Jung on Active Imagination: Features, Methods and Warnings

… active imagination… is a method (devised by myself) of introspection for observing the stream of interior images.”

“… the method of ‘active imagination’ … I have been using for more than thirty years in the treatment of neurosis, as a means to bring unconscious contents to consciousness.” 

“… active imagination… enables us to get an active grasp of things that also find expression in dream life.” 

One of Jung’s legacy to the discipline of psychology and psychotherapy is his method of active imagination. In this essay, after defining this method and noting its features, I will illustrate how it works, its value and the cautions to be mindful of in using it. 

Definitions of Active Imagination

Jung first used the term “active imagination” in his Tavistock Lectures, which he gave in London in 1935. At that meeting one of his questioners called active imagination a “technique.” Jung called it a “method,” which “to some extent takes the place of dreams.” Elsewhere Jung referred to active imagination as “visionary meditation,” a “psychological process,” “a sequence of fantasies produced by deliberate concentration,” “a method … of introspection for observing the stream of interior images.” and a method which “enables us to get an active grasp of things that also find expression in dream life. The process is in both cases an irrigation of the conscious mind by the unconscious,…”. 

Jung used active imagination in his work with his own dreams, as well as with his patients. Even those who rarely remembered their dreams could connect with their unconscious with this method. In my work with my own dreams, and with my dream students, I have found active imagination useful, especially in those times when we hit a “dry spell” in dream recall. 

Features of Active Imagination

Since our unconscious contains all manner of things, it is not surprising that the method of active imagination can produce a wide array of images, conscious memory material, feelings, symbols, figures (human, animal, mythological), complicated pictures (including mandalas) and images of wholeness (e.g. circular and spherical forms) redolent with numinosity (often indicative of our connecting with the Self). 

Jung would urge us to be open to whatever the psyche presents. Often it wants to give “form to what is unformed,” to “illustrate the tension and nature of the opposites, and thus prepare the synthesis,” or to grip us by an emotion. At times the process produces a dream on our “inner stage,” with “the actors appearing one by one and the plot thickens”–all of the figures having “some purposeful relationship to [our] conscious situation.” When a patient would report such an inner drama, Jung would suggest the person “really have it out with his alter ego,” that is, not to “just sit in a theater” (of his/her psyche’s making) but to “take part in the play” and wrestle with the characters (which represented energies active in his/her “inner city”).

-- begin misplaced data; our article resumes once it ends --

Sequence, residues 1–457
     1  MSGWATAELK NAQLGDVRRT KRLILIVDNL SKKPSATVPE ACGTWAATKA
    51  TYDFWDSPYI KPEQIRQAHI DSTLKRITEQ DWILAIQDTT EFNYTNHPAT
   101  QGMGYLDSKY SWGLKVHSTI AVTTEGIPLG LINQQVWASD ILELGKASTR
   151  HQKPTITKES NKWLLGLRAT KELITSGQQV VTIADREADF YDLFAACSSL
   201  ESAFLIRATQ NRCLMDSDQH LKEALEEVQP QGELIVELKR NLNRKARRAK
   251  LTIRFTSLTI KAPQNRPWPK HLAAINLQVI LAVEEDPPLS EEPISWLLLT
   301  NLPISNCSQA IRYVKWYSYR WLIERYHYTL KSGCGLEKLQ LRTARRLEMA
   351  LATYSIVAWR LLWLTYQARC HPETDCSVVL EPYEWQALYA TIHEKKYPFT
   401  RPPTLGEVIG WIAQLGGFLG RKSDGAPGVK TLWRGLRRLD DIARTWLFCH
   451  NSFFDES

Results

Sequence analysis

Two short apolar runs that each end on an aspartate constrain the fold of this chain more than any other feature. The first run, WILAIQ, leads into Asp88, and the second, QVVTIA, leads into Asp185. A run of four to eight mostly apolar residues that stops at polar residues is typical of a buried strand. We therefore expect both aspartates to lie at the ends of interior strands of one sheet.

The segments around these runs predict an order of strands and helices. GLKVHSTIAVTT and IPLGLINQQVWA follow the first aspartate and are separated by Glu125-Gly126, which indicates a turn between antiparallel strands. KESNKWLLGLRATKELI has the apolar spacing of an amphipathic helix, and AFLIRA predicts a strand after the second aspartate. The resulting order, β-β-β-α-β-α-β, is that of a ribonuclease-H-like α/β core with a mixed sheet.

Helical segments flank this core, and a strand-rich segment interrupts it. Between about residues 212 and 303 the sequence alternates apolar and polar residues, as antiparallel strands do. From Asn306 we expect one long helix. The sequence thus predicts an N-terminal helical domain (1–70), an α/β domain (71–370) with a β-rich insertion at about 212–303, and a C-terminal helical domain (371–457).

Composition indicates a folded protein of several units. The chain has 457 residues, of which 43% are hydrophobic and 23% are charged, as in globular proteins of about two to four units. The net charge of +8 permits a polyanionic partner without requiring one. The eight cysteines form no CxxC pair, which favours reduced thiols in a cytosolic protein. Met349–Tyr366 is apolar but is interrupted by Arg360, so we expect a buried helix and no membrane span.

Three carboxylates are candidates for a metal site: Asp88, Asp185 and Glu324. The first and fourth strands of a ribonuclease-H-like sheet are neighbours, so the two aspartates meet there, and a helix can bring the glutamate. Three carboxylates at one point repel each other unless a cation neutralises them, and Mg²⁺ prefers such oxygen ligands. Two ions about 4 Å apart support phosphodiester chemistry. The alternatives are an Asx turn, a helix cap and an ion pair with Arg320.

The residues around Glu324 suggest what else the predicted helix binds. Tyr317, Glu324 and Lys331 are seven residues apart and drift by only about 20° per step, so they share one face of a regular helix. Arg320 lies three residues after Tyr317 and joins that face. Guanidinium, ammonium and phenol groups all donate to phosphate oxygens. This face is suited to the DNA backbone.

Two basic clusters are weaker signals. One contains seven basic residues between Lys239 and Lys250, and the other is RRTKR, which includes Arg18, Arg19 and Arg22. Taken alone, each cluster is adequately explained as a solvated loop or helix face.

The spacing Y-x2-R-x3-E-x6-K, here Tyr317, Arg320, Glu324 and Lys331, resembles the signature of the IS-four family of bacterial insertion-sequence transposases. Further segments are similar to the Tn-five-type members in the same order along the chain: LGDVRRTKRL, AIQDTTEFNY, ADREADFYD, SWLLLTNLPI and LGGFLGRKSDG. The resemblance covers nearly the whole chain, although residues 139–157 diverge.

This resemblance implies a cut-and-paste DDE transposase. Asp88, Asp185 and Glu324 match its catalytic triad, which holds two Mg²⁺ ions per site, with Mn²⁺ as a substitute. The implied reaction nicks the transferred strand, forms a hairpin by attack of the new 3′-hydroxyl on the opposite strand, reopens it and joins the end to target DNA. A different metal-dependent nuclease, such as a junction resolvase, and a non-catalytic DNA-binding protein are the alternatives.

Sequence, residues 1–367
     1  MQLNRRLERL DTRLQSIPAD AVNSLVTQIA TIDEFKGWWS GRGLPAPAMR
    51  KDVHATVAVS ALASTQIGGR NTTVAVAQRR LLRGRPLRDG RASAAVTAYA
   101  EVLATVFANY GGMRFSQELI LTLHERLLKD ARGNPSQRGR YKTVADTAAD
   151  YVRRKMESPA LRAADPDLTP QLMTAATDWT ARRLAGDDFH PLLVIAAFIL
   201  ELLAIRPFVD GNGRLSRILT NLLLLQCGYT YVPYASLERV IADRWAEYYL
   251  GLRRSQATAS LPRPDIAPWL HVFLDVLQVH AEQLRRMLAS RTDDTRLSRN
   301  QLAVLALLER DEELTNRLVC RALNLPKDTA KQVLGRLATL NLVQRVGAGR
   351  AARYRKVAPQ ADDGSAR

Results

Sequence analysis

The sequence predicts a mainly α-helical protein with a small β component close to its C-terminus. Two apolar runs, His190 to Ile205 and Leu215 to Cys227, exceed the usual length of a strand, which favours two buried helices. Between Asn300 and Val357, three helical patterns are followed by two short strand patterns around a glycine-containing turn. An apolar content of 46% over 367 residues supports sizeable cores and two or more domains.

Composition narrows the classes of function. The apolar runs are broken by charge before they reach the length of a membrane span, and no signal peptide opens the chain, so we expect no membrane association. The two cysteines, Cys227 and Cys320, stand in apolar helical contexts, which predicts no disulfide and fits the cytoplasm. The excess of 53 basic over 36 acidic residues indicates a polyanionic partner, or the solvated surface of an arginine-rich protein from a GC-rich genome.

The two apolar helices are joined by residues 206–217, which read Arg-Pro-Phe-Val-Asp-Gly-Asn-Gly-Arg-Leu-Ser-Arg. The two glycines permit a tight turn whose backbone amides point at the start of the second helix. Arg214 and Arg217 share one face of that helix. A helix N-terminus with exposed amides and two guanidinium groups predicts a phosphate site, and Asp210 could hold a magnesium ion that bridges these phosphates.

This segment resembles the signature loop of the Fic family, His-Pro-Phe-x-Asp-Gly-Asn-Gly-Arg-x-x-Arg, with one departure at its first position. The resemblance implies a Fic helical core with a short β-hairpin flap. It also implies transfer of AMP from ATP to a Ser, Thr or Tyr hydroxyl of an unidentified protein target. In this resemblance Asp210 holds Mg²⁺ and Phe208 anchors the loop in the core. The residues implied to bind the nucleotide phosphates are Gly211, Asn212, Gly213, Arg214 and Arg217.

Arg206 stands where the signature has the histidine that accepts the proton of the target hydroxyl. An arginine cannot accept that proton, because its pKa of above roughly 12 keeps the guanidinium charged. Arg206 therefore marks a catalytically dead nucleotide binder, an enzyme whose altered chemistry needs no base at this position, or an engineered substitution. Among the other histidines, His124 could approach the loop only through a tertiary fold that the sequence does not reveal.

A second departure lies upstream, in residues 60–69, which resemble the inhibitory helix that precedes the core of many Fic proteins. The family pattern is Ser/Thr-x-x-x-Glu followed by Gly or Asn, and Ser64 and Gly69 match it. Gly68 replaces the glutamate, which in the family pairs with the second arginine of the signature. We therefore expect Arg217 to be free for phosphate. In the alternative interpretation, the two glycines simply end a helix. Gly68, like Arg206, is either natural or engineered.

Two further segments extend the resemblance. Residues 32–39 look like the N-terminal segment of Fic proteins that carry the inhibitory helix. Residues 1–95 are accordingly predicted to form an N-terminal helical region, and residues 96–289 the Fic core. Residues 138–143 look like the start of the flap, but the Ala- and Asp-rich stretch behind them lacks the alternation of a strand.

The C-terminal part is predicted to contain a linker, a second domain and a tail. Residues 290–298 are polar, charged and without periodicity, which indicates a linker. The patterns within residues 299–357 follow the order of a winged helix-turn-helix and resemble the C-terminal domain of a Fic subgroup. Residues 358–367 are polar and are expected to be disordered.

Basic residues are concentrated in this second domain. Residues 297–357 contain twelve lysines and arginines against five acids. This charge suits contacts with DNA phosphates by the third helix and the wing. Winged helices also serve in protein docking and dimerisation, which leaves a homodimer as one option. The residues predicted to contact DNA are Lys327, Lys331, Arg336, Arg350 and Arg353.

When we are at a crux point–a time of major life transition–and do active imagination, the psyche may produce “fantasy-images” that have “a striking resemblance to mythological motifs.” These may contain images that we have “no conscious knowledge” about: they are part of our inherited collective unconscious, and they often come to consciousness as support for us in navigating a big change in life. In my experience, I have done active imagination in times of transition with authority figures showing up. Jung lists some of these: “a magician, doctor, priest, teacher, professor, grandfather,…”. In my most memorable active imagination, the figure was a very tall, commanding woman who reminded me of the goddess Athena. We trust whatever arises is what is “needed but cannot be mustered on one’s own resources.” 

How to Do Active Imagination

In my own experience using active imagination, I have found the adjective “active” to be confusing, because while I was “active” in setting a conscious intention to do this (as prompted by my analyst), I was instructed not to drive or try to make anything happen. So, when I have done this unique Jungian method, it has seemed to be a passive sort of activity. I think Jung would agree with this seeming paradox, given how much he appreciated the Chinese concept of wu wei–action through non-action. We consciously set out to do it, but then simply allow the images, fantasies or feelings to come up. 

Given that the process is paradoxical–action through non-action–say what??–Western people may initially look askance at the prospect of trying active imagination. Jung notes how some of his patients had “some resignation or a feeling of resentment” when asked to do it. I was skeptical at first, given how “heady” I am–my rational intellect always wants to jump in and “figure things out.” But here the ego consciousness only gets in the way. Rather than logic and reason, we begin with a 

“…dream or some other fantasy-image, and concentrate on it by simply catching hold of it and looking at it. You can also use a bad mood as a starting-point, and then try to find out what sort of fantasy-image it will produce, or what image expresses this mood. You then fix this image in the mind by concentrating your attention. Usually it will alter, as the mere fact of contemplating it animates it. The alterations must be carefully noted down all the time, for they reflect the psychic processes in the unconscious background, which appear in the form of images consisting of conscious memory material. In this way conscious and unconscious are united, …”.